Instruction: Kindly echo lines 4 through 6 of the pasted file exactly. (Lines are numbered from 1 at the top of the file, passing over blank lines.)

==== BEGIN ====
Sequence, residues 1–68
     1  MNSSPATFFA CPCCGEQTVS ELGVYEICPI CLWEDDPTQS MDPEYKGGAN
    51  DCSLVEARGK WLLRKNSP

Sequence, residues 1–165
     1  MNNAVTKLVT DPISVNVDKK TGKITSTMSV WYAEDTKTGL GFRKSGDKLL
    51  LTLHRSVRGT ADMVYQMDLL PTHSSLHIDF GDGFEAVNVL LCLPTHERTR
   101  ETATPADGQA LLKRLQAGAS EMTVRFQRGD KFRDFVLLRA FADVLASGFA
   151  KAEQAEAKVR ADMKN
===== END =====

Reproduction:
Sequence, residues 1–165
     1  MNNAVTKLVT DPISVNVDKK TGKITSTMSV WYAEDTKTGL GFRKSGDKLL
    51  LTLHRSVRGT ADMVYQMDLL PTHSSLHIDF GDGFEAVNVL LCLPTHERTR